Saturday, February 17, 2018

German Ace, Karl Allmenröder


Allmenröder was born in Wald, Rhine Province, Germany on 3 May 1896, the son of a Lutheran minister.
He was interested in the practice of medicine and was a medical student in Marburg. His reputation became one of a quiet, good natured, dutiful young man.
When war broke out in August 1914 he joined Field Regiment 62 before being posted to Field Regiment 20 following initial training, thereafter serving in Poland (out of which he was awarded the Iron Cross 2nd Class in March 1915). Allmenroder was awarded his commission at the end of March 1915.
Along with his brother Willi, Karl applied for a transfer to the Air Service a year later in March 1916; both were successful and were consequently sent for training at Halberstadt, followed by a posting to FA227 and then on to Jasta 11 in November that year.

Allmenröder on the left


Manfred von Richthofen took command of Jasta 11 in January 1917 and as his protege Allmenröder scored the first of his 30 confirmed victories on 16 February 1917. Flying a scarlet Albatros D.III trimmed out with white nose and elevators.
Those 30 aerial victories were scored in the period from mid-February to the end of June 1917, including four 'kills' scored in just two days (24-25 May).

Allmenröder at #2

Allmenröder's brief (if spectacularly successful) aerial career came to an end on 27 June 1917 - the day following his 30th and final victory, all achieved with Jasta 11. Flying on patrol in the skies above Zillebeke his aircraft came under fire from Allied aircraft: he was killed when his 'plane crash-landed. He was aged 21 at his death.
Among Allmenröder’s awards were: the Iron Cross 1st Class in March, the Knight's Cross of the Hohenzollern Order, and - most prestigiously - the Pour le Merite in June.



Thursday, February 15, 2018

The Bristol M.1 Monoplane Scout

Bristol M.IC
In 1916, as a private venture, the Bristol Aeroplane Company had their chief designer, Frank Barnwell, design a new single-seat tractor monoplane fighter which would outperform the existing fighter aircraft. The result was the Bristol M.1.
The first prototype, the M.1A made its maiden flight in July 1916. It was of conventional wood and fabric construction, with a carefully streamlined circular cross-section fuselage.


The wing was shoulder mounted and was braced with flying wires running from the wing to the lower fuselage and landing wires from the wings to a cabane made of two semi-circular steel tube hoops positioned over the pilot's cockpit.
A 110 horsepower Clerget rotary engine which fitted with a large hemispherical spinner to reduce drag.
It was purchased by the War Office for evaluation, and demonstrated impressive performance during official testing, reaching a speed of 128 miles per hour and climbing to 10,000 feet in 8 minutes 30 seconds, although the forward and downward view was criticised by test pilots.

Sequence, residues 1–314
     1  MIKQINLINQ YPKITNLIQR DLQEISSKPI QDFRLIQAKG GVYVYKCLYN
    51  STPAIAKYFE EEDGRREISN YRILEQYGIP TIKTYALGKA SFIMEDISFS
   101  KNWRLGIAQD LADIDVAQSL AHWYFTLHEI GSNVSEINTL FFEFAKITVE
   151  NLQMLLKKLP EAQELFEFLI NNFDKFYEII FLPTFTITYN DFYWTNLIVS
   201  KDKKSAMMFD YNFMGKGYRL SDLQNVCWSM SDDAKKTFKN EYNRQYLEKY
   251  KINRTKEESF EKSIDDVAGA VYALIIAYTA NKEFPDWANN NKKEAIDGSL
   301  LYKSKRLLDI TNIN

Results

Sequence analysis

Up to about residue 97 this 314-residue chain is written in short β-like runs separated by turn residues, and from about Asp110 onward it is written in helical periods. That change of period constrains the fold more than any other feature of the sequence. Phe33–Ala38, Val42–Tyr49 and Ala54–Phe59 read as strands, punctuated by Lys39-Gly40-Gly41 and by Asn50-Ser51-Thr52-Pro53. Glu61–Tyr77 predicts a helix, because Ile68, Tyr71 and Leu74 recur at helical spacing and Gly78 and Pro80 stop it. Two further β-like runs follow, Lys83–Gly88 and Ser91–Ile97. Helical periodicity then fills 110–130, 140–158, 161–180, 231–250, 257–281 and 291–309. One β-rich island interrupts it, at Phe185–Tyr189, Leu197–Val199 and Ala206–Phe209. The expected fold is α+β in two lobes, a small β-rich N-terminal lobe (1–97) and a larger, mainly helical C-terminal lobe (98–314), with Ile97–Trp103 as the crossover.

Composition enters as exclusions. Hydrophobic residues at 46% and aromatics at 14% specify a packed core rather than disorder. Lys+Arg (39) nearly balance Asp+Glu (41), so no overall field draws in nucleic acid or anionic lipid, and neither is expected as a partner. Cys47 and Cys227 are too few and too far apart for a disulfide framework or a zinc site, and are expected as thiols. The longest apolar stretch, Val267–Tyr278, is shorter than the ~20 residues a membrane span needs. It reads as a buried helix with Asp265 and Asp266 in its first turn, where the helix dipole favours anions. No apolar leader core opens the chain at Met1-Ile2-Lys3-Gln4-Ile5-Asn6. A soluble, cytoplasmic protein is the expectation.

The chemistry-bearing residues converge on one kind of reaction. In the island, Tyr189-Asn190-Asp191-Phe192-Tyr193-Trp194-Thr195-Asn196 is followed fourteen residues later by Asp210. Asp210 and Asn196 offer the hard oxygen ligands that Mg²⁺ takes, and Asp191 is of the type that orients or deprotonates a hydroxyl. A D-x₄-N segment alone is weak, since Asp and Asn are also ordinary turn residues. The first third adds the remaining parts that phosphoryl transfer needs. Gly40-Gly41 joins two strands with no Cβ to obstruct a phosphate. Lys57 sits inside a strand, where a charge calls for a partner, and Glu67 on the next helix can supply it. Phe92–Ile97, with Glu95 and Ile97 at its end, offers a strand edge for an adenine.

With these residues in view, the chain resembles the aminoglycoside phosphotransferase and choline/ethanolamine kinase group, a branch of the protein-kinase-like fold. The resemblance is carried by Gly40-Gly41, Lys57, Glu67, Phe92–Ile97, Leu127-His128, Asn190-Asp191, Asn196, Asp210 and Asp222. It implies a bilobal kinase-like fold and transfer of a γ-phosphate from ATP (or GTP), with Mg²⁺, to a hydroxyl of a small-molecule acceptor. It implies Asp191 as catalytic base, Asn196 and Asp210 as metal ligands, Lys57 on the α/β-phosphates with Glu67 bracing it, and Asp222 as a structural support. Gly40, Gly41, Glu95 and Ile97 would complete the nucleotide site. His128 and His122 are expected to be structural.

The War Office ordered four modified aircraft, designated M.1B, in October 1916. These differed from the first prototype in having a more conventional cabane consisting of a pyramid of four straight steel struts, a large clear-view cut-out panel in the starboard wing root to give improved view for landing and a single .303 in (7.7 mm) Vickers machine gun mounted on the port wing root.



Despite excellent performance – it had a maximum speed some 30–50 mph higher than any of the contemporary German Fokker Eindecker and French Morane-Saulnier N monoplanes – it was rejected by the Air Ministry for service on the Western Front, allegedly because its landing speed of 49 mph was considered too high for small French airfields, but more likely because of a widespread belief that monoplane aircraft were inherently unsafe in combat.
The RFC had imposed a ban on monoplanes after the crash of one of the Bristol-Coanda Monoplanes in September 1912, and despite the subsequent 1913 Monoplane Committee clearing the design type there persisted a deep-rooted suspicion of monoplanes. This suspicion may also have been reinforced by the RFC's underwhelming experience with various Morane-Saulnier monoplanes, especially the Morane-Saulnier N, which was also criticised for its high landing speed.


Nevertheless, a production order for 125 aircraft, designated M.1C, was placed in August 1917. This version was fitted with a 110 hp Le Rhône 9J rotary engine and had a Vickers machine gun centrally-mounted in front of the pilot.


Thirty-three M.1Cs served in the Middle East and the Balkans in 1917–18, while the rest were used by UK-based training units, where they were popular as personal mounts for senior officers.

Sunday, February 11, 2018

German Ace, Hartmuth Baldamus


Baldamus was born in Dresden on 10 August 1891. He was in German aviation from the start of the First World War. Ranked as a Gefreiter, he flew for FFA 20 beginning March 1915 and in September 1915, he was commissioned a Leutnant.
of aAfter scoring five victories with FFA 20, he was reassigned to Jasta 5 but failed to score as a single-seat fighting pilot until he was posted to Jasta 9 in November 1916.

While with FFA 20 he scored his fifth confirmed victory in July 1916, he became an ace. Becoming an ace before being assigned to a fighter squadron was something of a rare feat.

In August of 1916 Baldamus was posted to fly fighters with Jasta 5. He moved on to Jasta 9 in early November 1916. On 2 December he closed out 1916 with nine victories.


Baldamus resumed scoring on 23 January 1917, and steadily more single victories, reaching 17 on April 2nd, 1917.
Shortly afterwards he was credited with his 18th victory but was killed in a mid-air collision with a Nieuport 17 near Sainte-Marie-à-Py, France.

At the time of his death, he needed two more victories to be eligible for the Pour le Mérite.